This essay will conclude the work I have done with my colleagues on our blog Big Data-Challenges or Chances in Development? This blog afforded the opportunity for a deeper dive into this current #datarevolution. New technology has been questioned for centuries and there are diverging opinions about our digital arena. The purpose of this piece is to present an overview of my prior posts and their connection to development and course literature.
COVID and #datajustice
The first piece I contributed to the blog attempted to show the connection between the COVID-19 pandemic and data justice, a term I had no prior knowledge of. Data justice is defined as the fairness in the way people are made visible, represented and treated as a result of their production of digital data (Taylor 2017). The pandemic accelerated our dependency on technology, ICTs, and being able to ‘live virtually.’ What it also did was open the door for big data to entwine further its web into our lives.
The curiosity about big data was sparked up when the world began to reopen again where I was living in Bangkok towards the end of May in 2020. Businesses other than grocery shops and pharmacies were now open to the public but with a twist. We were required to scan a QR code into our phone for contact tracing purposes. This was my first experience with this technology. Your location, the time you checked in and the time you checked out was documented. I was skeptical of the data invasion then, and I’m certainly not any less skeptical about it now.
The focus will be on two aspects of contact tracing technology – access and privacy.
Access to contact tracing and humanitarian resources
Even during a pandemic when the world has become exponentially hyperconnected it is still possible for those who need humanitarian services the most are at the highest risk of exclusion. The use of location data to control the coronavirus pandemic can be fruitful and might improve the ability of governments and research institutions to combat the threat more quickly (Zwitter & Gstrein 2020). However, those with the least access to mobile devices often correlate to age and income, with the poor and very old least likely to have the resources to own one (Taylor, Sharma, Martin & Jameson 2020). They’re also the group who can least afford to miss work if they happen to be employed. Additionally, they have the least access to healthcare which makes them the most likely to suffer as a result of the pandemic.
Contact tracing which is used to mitigate an epidemic or pandemic grants a wonderful opportunity to employ big data to help the most marginalized societies. Let’s not forget those who would be excluded from data collection and avoid what Gilman and Green refer to as ‘the surveillance gap’: the ways in which society’s most vulnerable members’ ‘functional [invisibility]’ to surveillance systems can cost them dearly when such systems govern access to resources (Taylor, Sharma, Martin & Jameson 2020).
Please, take my privacy I wasn’t using it anyways
A double-edged sword of access but no privacy and privacy but no access should not exist. At the end of the day, what is all your data really being used for? How long would an itemized list of every entity that accessed your private data be? No matter how large a public health crisis may become, attempts to mitigate it should not come at the cost of citizen’s privacy. Our civil liberties shouldn’t go away because there is a virus that is afoot that might affect many people or because there is something in the air or because you become sick. It would be preferable to be able to avoid a pessimistic view here as this is a wonderful chance for big data in development. However, the view of this essay concurs with the notion that although networked digital technologies have invaluable and extensive capabilities that could seriously enhance the effectiveness of pandemic containment, their automaticity, speed, scale, and data-generating capabilities mean that their potential for abuse and overreach is vastly greater than the risks of abuse associated with more conventional social instruments of control (Taylor, Sharma, Martin & Jameson 2020).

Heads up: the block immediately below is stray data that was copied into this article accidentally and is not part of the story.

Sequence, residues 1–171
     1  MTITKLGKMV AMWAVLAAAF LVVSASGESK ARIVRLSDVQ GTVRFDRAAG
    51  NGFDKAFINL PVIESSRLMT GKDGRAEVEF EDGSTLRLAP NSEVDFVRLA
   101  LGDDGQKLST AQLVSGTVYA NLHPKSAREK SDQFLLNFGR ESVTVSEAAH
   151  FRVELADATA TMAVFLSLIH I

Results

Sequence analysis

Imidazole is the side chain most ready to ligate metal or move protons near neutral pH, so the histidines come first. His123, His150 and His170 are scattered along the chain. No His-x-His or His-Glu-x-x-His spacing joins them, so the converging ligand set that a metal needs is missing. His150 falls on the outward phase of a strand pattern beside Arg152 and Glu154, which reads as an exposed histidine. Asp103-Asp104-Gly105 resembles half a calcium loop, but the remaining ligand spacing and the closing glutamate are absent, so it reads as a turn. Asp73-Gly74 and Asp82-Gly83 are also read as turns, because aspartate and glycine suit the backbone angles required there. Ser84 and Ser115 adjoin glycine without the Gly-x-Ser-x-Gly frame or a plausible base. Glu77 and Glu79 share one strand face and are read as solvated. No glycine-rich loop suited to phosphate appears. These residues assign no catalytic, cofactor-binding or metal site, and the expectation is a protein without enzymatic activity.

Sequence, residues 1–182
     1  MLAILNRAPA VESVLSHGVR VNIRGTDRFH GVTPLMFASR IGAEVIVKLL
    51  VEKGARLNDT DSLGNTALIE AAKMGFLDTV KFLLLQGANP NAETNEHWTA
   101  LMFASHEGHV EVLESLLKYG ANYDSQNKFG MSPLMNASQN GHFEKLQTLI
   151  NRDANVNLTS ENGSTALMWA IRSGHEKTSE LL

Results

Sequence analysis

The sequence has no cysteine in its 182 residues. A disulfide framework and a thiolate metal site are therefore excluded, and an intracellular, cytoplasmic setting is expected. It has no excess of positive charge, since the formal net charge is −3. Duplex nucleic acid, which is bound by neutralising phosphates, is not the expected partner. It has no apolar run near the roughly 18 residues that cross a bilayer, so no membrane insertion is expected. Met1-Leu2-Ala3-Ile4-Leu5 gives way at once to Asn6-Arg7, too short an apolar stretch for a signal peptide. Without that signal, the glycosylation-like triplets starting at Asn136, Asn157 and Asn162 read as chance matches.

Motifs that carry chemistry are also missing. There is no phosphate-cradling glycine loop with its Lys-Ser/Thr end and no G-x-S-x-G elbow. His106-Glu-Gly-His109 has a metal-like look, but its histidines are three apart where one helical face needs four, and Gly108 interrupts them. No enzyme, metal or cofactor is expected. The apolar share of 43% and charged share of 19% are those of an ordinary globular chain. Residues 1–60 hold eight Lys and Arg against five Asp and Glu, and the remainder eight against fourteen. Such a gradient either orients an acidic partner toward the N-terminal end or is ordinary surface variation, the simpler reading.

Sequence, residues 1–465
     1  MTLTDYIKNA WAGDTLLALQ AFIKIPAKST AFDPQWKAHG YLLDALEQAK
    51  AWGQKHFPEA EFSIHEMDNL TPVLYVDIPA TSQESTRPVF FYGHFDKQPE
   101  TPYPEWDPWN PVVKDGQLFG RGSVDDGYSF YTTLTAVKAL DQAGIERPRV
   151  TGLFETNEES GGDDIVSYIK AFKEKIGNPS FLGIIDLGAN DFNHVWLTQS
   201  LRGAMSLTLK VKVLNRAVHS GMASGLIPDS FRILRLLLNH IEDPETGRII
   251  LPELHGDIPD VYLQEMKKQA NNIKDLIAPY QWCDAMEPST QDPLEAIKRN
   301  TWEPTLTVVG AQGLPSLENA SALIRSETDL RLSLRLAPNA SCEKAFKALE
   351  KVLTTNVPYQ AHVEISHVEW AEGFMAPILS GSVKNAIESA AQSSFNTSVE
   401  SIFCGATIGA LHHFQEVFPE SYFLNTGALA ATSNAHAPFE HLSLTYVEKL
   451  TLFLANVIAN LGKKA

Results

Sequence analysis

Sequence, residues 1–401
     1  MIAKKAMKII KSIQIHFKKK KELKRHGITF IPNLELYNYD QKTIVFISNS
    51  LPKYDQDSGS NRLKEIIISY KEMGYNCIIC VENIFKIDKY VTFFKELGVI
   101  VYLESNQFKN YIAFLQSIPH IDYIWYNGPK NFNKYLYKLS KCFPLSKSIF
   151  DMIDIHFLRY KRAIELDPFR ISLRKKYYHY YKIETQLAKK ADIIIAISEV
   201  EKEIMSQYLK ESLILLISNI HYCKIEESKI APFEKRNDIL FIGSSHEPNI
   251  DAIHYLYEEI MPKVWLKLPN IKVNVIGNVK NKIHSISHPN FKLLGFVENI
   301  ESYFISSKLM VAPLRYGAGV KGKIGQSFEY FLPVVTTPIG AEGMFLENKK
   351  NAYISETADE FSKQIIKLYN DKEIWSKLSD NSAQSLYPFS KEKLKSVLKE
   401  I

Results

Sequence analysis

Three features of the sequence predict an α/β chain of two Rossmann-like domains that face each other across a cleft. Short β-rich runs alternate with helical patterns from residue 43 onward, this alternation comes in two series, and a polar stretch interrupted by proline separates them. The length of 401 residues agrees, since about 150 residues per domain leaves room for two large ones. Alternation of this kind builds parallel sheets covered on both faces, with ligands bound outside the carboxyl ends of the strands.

I will touch upon an alternative to this type of ‘traditional data’ collection method further along this essay.
Algorithms, policy and #datamanipulation
Recent news of the Facebook whistleblower opened minds to the notion of the emerging corruption of policy decisions due to social media platform algorithms which are literally changing how countries are run. An algorithm is a series of instructions telling a computer how to transform a set of facts about the world into useful information. The facts are data, and the useful information is knowledge for people, instructions for machines or input for yet another algorithm (Denny 2020). An important aspect to remember about algorithms is that they are biased because they are modeled by humans. To create a model, choices about what is important enough to include get made. It is quite concerning to think of the volume of future policies that could become supported and/or implemented based off manipulated data.
The dark side of big data
Big data will profoundly change not only how governments work but also the nature of politics. It should cause alarm with how easy it can be to discredit credible movements or opposing policy stances while also creating inauthentic discourses. What is happening is that human activity is being turned into data points which can be manipulated to meet biased optimal combinations. It seems there should be regulations put in place to curtail big data’s influence. In this case with Facebook, if profits are the main concern even at the expense of societies and governments then perhaps these safeguards should make sure to voraciously address “power, politics, inclusion and interests, as well as established notions of ethics, autonomy, trust, accountability, governance and citizenship” (Dencik, Hintz, Redden & Treré 2019). Otherwise, if policy becomes hyper-data driven then those algorithms have immense affects to political and economic agendas that could be used to more easily marginalize certain groups. The poorest and most marginalized are also more likely to suffer disproportionately from some of the darker aspects of internet connectivity (Graham 2019).